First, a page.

digital initiatives logo library logo

University of Idaho News Archive

Please Note: these news items were harvested in September 2015. Some functionality has been disabled. Links may be broken or out of date.
For current news, please visit UI News.

N-E-W Tech™ Project Proposes Better Water Treatment System

Friday, March 20

MOSCOW, Idaho – March 20, 2015 – An Idaho program designed to build on the state’s scientific enterprise announced major funding Wednesday for an evolution in a novel water treatment process patented by University of Idaho scientist Greg Möller.

The Idaho Global Entrepreneurial Mission governing council awarded a University of Idaho team headed by Möller $427,000 for a one-year project to demonstrate the feasibility of his latest invention, N-E-W Tech™.

Möller is a professor of environmental chemistry and toxicology in the School of Food Science, which is operated jointly by the University of Idaho and Washington State University.

The N-E-W Tech™ system uses biochar, a charcoal-like activated carbon, to expand the capabilities of the environmental chemist’s past discoveries. It promises to remove organic and mineral contaminants in wastewater with high efficiency and generate energy while using the minerals it strips from water to produce fertilizer.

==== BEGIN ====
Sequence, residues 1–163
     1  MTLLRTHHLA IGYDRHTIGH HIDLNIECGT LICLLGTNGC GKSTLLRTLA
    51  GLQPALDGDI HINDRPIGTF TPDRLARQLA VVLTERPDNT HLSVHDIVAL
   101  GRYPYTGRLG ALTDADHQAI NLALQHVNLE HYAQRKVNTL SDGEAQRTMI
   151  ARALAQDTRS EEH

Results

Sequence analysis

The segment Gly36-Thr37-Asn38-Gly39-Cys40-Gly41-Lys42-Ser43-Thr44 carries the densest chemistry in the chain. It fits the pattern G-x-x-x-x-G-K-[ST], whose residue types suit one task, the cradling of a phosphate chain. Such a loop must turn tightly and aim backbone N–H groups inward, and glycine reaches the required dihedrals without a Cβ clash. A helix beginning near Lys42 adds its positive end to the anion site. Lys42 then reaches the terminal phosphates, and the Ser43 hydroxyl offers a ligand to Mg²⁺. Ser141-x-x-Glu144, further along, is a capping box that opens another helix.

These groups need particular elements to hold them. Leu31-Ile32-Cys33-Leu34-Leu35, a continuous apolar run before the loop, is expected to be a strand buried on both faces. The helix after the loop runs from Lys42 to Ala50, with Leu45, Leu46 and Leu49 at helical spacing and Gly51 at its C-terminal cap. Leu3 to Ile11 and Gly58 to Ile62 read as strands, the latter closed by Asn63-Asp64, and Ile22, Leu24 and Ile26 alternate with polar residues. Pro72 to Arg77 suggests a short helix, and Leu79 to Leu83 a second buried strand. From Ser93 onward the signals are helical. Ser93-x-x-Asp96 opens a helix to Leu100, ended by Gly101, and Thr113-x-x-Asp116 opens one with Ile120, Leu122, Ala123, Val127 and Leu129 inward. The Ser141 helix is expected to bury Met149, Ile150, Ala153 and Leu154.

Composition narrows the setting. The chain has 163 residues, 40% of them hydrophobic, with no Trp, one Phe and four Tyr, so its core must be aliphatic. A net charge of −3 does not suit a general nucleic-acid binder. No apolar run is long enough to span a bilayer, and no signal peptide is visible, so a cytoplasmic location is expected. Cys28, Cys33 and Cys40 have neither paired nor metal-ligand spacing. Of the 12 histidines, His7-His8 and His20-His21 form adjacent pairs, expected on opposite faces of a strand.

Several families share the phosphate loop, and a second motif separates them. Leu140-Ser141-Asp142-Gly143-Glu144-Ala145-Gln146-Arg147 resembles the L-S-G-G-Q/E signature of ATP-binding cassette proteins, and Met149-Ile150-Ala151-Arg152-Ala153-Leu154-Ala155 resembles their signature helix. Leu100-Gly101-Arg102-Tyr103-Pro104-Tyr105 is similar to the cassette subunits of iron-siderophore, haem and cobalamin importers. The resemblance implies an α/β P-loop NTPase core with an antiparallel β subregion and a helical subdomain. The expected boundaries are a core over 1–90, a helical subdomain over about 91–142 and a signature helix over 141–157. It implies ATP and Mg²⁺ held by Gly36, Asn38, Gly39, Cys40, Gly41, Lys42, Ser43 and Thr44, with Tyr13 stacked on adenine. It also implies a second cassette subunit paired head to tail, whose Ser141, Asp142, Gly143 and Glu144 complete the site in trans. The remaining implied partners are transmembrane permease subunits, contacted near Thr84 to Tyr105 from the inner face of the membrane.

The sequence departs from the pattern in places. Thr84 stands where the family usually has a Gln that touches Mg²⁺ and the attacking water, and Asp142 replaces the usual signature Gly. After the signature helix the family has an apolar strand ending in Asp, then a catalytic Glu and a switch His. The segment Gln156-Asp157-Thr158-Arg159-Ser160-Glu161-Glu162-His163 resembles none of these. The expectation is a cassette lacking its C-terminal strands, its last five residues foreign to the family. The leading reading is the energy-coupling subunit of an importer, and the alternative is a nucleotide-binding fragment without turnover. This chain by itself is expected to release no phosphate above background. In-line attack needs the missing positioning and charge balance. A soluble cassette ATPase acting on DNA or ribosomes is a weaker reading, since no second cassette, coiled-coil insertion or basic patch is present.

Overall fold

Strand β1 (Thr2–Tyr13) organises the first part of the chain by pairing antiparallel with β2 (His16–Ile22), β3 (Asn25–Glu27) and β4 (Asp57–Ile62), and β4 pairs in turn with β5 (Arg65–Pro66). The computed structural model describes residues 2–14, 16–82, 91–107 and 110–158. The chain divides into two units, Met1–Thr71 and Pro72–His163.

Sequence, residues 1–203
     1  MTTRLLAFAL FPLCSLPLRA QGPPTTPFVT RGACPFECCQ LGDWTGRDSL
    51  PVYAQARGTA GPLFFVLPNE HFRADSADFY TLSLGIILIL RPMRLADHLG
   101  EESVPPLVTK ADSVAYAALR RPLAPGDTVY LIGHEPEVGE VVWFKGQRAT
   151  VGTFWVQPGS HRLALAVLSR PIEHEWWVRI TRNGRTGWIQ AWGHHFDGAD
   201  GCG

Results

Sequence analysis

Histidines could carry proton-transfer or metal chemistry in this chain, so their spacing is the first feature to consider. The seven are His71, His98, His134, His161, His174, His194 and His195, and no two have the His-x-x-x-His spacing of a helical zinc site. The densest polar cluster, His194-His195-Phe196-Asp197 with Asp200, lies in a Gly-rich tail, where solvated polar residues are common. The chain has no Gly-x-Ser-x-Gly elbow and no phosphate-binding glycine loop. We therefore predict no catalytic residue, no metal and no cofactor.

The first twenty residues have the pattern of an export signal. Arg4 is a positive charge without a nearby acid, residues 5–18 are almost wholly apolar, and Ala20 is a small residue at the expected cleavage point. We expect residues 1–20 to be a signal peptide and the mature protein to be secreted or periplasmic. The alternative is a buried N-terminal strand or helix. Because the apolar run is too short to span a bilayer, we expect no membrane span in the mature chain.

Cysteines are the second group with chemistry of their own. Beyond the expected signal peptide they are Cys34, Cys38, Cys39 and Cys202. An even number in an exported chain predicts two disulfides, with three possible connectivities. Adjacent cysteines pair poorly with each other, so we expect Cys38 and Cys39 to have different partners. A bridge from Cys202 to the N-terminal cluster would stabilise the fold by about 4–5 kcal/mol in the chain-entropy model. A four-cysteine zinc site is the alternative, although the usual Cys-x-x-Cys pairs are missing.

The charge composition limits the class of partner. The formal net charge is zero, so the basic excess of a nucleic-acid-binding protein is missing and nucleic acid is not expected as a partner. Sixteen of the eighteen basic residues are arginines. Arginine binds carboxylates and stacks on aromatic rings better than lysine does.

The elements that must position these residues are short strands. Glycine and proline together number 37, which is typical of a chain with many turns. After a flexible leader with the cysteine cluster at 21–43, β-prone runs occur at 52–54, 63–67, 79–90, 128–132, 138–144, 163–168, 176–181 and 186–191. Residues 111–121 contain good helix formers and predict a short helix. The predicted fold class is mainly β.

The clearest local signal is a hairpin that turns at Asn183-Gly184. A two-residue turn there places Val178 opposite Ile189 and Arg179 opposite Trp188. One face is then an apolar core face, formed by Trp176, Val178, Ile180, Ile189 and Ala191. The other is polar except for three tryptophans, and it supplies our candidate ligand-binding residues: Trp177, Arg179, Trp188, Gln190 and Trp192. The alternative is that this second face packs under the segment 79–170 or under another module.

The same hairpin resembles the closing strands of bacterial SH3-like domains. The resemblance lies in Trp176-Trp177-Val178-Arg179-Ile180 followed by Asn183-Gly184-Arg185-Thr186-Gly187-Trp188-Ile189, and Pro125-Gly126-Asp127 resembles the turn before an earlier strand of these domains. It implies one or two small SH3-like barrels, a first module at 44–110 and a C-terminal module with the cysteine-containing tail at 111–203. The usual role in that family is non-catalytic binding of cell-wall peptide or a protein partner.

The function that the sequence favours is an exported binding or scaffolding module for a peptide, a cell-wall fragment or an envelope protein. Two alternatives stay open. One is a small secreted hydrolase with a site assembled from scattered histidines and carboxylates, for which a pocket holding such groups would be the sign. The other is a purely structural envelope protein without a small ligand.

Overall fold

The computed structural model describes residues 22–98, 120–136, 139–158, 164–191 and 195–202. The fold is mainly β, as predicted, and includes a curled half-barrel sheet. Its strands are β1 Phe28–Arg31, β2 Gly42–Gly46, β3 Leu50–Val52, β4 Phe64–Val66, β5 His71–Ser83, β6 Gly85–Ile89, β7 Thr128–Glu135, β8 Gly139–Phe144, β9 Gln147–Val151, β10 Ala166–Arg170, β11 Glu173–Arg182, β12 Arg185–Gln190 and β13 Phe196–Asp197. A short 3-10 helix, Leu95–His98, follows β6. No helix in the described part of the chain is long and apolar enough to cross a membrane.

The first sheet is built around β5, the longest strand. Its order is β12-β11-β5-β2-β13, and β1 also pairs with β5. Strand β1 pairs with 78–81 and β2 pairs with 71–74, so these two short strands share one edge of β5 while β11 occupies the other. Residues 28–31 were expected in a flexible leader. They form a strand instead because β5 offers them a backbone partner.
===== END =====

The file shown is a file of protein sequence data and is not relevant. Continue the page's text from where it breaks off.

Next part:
Möller’s discovery of a novel water treatment process more than a decade ago generated six patents that underpin efficient and cost-effective systems to remove phosphorus and other contaminants from wastewater.

Hayden, Idaho-based Blue Water Technologies licensed Moller’s patents from the Idaho Research Foundation and has developed water treatment systems in use or being installed in the U.S., in South Korea and England.

“With N-E-W Tech™ we questioned the status quo and found that small ideas can translate to big solutions with creativity and hard work,” Möller said. “The grand challenges of humankind can often be met by solutions found in nature. We listened to nature and birthed a discovery.”

The IGEM project will rely on UI soil science professor Daniel Strawn, who co-invented a process using biochar to capture phosphorus and other contaminants stripped from wastewater. That process is patent-pending.

Blue Water Technologies will serve as the UI scientists’ industry partner in developing the equipment to apply the discovery to practical wastewater treatment systems.